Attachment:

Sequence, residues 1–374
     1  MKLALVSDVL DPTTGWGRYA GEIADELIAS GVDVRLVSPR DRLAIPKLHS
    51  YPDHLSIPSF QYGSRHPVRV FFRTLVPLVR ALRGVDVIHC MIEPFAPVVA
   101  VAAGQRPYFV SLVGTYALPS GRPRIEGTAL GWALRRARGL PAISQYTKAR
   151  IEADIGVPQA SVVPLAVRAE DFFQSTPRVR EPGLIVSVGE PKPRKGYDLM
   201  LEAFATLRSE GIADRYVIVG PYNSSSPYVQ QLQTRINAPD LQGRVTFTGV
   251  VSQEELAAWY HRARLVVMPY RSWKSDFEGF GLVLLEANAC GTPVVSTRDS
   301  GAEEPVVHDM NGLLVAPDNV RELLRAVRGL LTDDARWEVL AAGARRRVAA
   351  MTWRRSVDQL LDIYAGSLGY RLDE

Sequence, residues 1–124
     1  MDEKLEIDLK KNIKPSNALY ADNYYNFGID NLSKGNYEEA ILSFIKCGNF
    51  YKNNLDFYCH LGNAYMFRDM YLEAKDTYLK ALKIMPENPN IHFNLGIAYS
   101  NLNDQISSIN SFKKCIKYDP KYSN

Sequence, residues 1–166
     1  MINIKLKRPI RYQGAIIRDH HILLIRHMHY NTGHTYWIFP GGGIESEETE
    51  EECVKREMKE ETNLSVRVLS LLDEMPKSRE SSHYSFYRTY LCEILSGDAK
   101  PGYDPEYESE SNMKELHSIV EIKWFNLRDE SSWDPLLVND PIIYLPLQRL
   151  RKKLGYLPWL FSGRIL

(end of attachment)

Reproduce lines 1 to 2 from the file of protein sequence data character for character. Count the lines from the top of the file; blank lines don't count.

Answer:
Sequence, residues 1–374
     1  MKLALVSDVL DPTTGWGRYA GEIADELIAS GVDVRLVSPR DRLAIPKLHS